Salivary cortisol level and uncooperative behavior in pediatric dental practice|
Ercolin, Ludmila Tavares Costa; Ambrosano, Gláucia Maria Bovi; Probst, Livia Fernandes; Ribeiro-Dasilva, Margarete C.; Tomar, Scott L. & Possobon, Rosana de Fátima
Aim: To investigate the relation between uncooperative behavior and salivary cortisol level in children who underwent preventive dental care.
Methods: The sample was composed by 10 children of both sexes aged 40 to 52 months, presenting uncooperative behavior during dental preventive treatments. The saliva collection was performed using a cotton wheel and an Eppendorf tube (Sarstedt Salivete®) in 3 different moments: a) at home, on a day without dental treatment and at the same time on the day of the sessions treatment; b) 30 min after the end of the session, when there was manifestation of uncooperative behavior; c) 30 min after the end of the session, when there was a cooperative behavior of the child. A sample of saliva was centrifuged for 5 minutes at 2400 rpm, 1 of mL of saliva was pipetted in an Eppendorf tube and stored in a freezer at -20 ° C. For the determination of the levels of salivary cortisol was used an Active® kit for cortisol enzyme immunoassay (EIA) DSL-10-67100, composed of specific rabbit antibody anti-cortisol. Data were analyzed statistically for the uncooperative behavior issued in the beginning and at the end of sessions, using the paired t test (p<0.05) and for cortisol levels in saliva samples at home, after the beginning and at the end of sessions, using repeated-measures ANOVA and Tukey’s test (p<0.05).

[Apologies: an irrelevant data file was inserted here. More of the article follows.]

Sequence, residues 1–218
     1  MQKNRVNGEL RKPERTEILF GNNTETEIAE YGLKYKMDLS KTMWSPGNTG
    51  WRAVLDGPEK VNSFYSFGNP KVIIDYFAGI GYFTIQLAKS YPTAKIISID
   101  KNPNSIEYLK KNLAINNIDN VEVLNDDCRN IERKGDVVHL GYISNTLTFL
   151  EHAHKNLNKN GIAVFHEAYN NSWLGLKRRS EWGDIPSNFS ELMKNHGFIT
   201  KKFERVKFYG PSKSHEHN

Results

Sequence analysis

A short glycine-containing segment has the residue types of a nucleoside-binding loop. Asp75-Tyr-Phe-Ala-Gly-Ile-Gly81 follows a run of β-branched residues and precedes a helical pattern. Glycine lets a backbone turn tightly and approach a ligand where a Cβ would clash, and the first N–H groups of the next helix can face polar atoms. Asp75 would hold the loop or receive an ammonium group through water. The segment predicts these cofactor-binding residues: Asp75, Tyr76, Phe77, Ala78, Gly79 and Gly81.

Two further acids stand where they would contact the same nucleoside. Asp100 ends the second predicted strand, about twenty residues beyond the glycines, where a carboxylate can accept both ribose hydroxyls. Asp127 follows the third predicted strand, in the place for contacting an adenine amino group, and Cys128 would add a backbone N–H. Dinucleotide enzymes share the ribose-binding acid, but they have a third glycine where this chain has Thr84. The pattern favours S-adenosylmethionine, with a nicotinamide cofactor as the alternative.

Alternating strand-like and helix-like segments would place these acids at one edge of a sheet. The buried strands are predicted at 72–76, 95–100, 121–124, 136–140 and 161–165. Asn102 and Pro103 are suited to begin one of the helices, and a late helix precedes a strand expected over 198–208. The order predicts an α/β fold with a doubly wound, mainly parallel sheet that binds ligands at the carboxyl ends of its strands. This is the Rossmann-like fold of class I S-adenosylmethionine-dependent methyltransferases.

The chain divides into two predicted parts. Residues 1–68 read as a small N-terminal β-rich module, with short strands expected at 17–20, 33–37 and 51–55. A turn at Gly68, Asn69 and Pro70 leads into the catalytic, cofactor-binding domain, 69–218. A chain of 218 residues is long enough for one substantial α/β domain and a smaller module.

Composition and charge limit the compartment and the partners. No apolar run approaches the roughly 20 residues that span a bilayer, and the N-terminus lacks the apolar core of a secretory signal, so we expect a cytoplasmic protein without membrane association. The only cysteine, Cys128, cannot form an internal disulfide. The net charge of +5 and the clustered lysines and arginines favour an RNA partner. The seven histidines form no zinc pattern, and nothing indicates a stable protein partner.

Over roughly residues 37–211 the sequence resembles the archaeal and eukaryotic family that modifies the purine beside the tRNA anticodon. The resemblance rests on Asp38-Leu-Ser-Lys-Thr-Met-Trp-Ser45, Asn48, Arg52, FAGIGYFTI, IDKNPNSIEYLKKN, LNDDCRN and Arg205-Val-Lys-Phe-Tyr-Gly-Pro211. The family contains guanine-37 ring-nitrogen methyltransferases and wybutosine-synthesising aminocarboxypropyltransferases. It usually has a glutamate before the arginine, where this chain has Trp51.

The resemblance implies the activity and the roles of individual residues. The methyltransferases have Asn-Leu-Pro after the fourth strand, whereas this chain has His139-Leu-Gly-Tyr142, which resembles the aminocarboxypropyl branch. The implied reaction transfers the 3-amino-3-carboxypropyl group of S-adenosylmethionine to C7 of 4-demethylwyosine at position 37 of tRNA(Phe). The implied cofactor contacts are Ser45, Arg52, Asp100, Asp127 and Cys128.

Results: During expression of uncooperative behavior in preventive dental care sessions the salivary cortisol level was significantly higher (0.65 ± 0.25 μg/dL) compared with expression of collaborative behavior (0.24 ± 0.10 μg/dL).
Conclusions: It is possible to conclude that, even under preventive intervention, the stress must be controlled in order to reduce dental anxiety and fear.
Dental Anxiety; Salivary Elimination; Dental Care